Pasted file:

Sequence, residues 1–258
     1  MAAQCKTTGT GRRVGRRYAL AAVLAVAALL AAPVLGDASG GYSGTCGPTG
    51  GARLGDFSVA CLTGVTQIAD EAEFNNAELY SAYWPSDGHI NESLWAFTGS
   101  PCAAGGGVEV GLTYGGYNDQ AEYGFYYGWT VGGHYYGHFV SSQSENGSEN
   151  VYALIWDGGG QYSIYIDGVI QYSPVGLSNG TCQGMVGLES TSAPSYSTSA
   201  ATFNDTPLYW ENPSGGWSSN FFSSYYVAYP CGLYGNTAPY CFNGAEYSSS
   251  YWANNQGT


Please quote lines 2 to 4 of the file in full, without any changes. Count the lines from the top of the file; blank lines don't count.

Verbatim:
     1  MAAQCKTTGT GRRVGRRYAL AAVLAVAALL AAPVLGDASG GYSGTCGPTG
    51  GARLGDFSVA CLTGVTQIAD EAEFNNAELY SAYWPSDGHI NESLWAFTGS
   101  PCAAGGGVEV GLTYGGYNDQ AEYGFYYGWT VGGHYYGHFV SSQSENGSEN